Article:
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Bidding for services - does it happen in other industries?
Thread poster: Telesforo Fernandez
Telesforo Fernandez
Local time: 23:08
English to Spanish
+ ...
Dec 5, 2001

Has anybody seen bidding taking place for services like those rendered by doctors, lawyers, engineers, artists , painters, etc ? Do the members have any viewpoint on this matter?

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Alison Schwitzgebel
France
Local time: 18:38
Member (2002)
German to English
+ ...
Engineers certainly bid for large tenders.... Dec 5, 2001

and during my time in investment banking I also saw many lawyers bidding to work on large M&A projects (so-called beauty contests ). So yes, it does happen in those industries too.



Alison


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Elinor Thomas  Identity Verified
Local time: 14:38
English to Spanish
+ ...
Of course I did. Dec 5, 2001

Ask any physician who wants to enter a hospital, clinic, etc. when there is a public call.

Ask any engineer or architect for the size of their bids, when there is a call for a work.

Everybody bids for their services.



)


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Telesforo Fernandez
Local time: 23:08
English to Spanish
+ ...
TOPIC STARTER
It is great Dec 5, 2001

If so, here is an offer :

There is a patient who is sick , he needs to be treated for heart trouble. Qualified doctors should quote their rates to a middle man - mind you, you will not able to see the face of the original pattient or the hospital.

Is there a bazaar to post this offer?



[ This Message was edited by: on 2001-12-05 07:22 ]


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Gilda Manara  Identity Verified
Italy
Local time: 18:38
German to Italian
+ ...
Jobs and bids Dec 5, 2001

It is a long time that this discussion is going around - jumping from one Forum to another.

Bids are a problem for our profession, this is clear. But it is wrong to make the translators responsible for its consequences. It is the agencies/outsourcers that should adopt other criteria for outsourcing their jobs, so in these forums we can go on speaking as long as we want - we won\'t reach anything useful.

As long as there is 1 doctor every 1,000 patients - no doctor will need to bid for his services. As long as there are 400 translators ready to bid for one job - why not doing it?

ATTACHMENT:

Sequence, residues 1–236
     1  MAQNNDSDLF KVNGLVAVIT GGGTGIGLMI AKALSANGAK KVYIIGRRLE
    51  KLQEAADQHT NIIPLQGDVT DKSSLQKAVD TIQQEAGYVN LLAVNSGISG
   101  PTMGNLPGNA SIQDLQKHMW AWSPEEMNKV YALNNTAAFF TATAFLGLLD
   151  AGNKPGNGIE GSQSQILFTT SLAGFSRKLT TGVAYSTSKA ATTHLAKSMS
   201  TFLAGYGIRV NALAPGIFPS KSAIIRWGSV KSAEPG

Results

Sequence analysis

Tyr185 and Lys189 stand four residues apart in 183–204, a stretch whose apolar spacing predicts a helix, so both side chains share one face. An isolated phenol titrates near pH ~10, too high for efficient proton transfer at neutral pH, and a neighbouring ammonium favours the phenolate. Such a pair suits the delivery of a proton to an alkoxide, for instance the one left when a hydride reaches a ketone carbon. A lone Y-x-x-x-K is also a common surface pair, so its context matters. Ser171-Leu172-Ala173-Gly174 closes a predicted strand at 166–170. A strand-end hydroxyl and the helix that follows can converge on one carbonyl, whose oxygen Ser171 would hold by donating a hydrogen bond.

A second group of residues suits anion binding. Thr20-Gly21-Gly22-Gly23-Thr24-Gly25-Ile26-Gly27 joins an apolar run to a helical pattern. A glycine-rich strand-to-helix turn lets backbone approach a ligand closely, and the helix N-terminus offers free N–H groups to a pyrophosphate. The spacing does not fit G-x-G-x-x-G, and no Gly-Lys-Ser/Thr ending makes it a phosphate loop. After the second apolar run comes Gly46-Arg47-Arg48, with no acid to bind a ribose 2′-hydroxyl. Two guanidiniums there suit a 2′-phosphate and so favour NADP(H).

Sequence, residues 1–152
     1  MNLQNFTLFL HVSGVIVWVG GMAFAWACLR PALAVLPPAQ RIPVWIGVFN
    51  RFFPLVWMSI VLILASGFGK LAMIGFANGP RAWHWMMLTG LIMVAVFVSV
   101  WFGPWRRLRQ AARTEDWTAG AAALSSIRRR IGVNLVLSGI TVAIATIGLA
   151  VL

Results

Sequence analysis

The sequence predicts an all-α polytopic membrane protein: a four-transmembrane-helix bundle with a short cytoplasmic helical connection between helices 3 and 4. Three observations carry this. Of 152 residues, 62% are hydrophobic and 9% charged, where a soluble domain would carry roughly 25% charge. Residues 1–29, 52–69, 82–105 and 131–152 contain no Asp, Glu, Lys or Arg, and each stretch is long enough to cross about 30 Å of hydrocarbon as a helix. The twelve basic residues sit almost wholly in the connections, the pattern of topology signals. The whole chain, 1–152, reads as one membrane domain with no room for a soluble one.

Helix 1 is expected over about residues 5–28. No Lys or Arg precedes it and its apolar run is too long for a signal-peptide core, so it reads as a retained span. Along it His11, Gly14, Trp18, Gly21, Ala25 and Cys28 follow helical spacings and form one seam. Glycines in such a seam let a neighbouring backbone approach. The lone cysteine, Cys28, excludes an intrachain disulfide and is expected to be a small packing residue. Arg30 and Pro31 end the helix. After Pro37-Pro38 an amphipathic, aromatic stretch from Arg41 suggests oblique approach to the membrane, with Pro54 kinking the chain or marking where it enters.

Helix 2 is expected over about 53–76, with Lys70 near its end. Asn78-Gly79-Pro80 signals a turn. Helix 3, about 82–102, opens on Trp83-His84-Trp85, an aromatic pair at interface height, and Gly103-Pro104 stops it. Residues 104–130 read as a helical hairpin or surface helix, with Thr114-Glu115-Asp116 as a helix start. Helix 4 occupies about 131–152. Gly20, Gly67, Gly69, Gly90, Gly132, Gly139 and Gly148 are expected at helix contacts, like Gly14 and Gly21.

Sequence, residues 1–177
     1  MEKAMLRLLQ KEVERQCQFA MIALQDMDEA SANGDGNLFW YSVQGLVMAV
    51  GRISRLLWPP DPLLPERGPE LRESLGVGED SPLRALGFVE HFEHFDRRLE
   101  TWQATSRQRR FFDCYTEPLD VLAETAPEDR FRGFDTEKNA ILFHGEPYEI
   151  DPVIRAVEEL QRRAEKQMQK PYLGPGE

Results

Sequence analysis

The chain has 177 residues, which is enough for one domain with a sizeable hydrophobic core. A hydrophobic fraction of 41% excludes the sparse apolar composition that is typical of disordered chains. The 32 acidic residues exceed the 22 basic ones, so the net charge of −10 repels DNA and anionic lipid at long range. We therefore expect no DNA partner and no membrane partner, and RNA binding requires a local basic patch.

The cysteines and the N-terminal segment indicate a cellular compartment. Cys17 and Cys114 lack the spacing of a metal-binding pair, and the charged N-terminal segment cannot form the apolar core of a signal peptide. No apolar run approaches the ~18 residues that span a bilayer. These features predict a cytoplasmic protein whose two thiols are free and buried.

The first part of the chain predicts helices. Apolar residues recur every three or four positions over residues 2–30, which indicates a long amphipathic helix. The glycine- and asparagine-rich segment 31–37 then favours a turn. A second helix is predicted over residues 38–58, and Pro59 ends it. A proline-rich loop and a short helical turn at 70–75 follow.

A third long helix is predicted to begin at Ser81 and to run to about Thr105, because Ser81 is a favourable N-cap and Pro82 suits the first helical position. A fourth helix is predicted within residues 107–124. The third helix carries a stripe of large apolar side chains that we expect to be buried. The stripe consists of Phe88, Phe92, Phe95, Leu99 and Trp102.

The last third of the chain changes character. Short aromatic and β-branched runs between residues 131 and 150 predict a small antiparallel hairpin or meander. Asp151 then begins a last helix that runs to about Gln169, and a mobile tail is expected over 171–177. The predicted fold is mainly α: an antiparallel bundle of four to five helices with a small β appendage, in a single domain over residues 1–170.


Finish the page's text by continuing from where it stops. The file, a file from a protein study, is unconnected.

Times ago I lived in India and paid my doctor (who had made his studies in the UK) the equivalent of 3 pounds per visit - he overcharged me because I was European, but we were both very happy. I live now in the UK and for the same level of care ten times as much would not be sufficient. If I had the possibility of being cared for via Internet, I would prefer the doctor in India... and I have heard very few people complaining about too cheap shoes or t-shirts made in Taiwan, Hong Kong and so on. Economy has its laws, and globalization has its effects, our profession is being affected by the same problem that the manufacturers of goods have met time ago. But, I repeat, let us not make the translators responsible for this!



Gilda


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Hans-Henning Judek  Identity Verified
Local time: 02:38
German to English
+ ...
Terminate the public bidding Dec 5, 2001

Nothing against bidding. This is something we do anyway, even with direct clients - at least once. We have to state our rates as well as qualifications and the client/agency has to be happy with it, otherwise we don\'t get the job, but someone else, who has applied at the same time.



Therafter, when the relationship has been established, usually nobody asks anymore. The conditions are silently agreed upon. That does not alter the fact that the client still would have the choice to select someone else, he considers more qualified for the job, more competitive in price - and also we can be busy at a given time. Most of my clients/agencies have several translators of each language paris on file, they can choose from.



Problem starts if bidding is international AND open. I have stopped bidding under a certain limit and take part in open bids only if certain qualifications, I have (law, economics, automotive), seem to be of value, but I am mostly at the high end with my rates.



Like auctions, open bidding has a strong tendency of creating a \"bidding frenzy\" among us translators. If the bidding is closed, I guess, most of us tend to offer our services at rates we think we are worth - at least I do. The client still has the choice.



So, I think PROZ, an entity created by translators for translators (not agencies!), should abolish the open bidding system as soon as possible, as it has the tendency of attracting all the cheapsters on the planet. PROZ should not become the \"cheap jack\" (Billiger Jakob) of the translation business, which it will if this tendency continues.


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Telesforo Fernandez
Local time: 23:08
English to Spanish
+ ...
TOPIC STARTER
typing work ? Dec 6, 2001

Look at this posting below, now we are called to type and 10 people have already submitted their bids.

Haaaaaaaaaa........?????????



Book

xxxx>German

Bidders must live in: Germany

(Potential)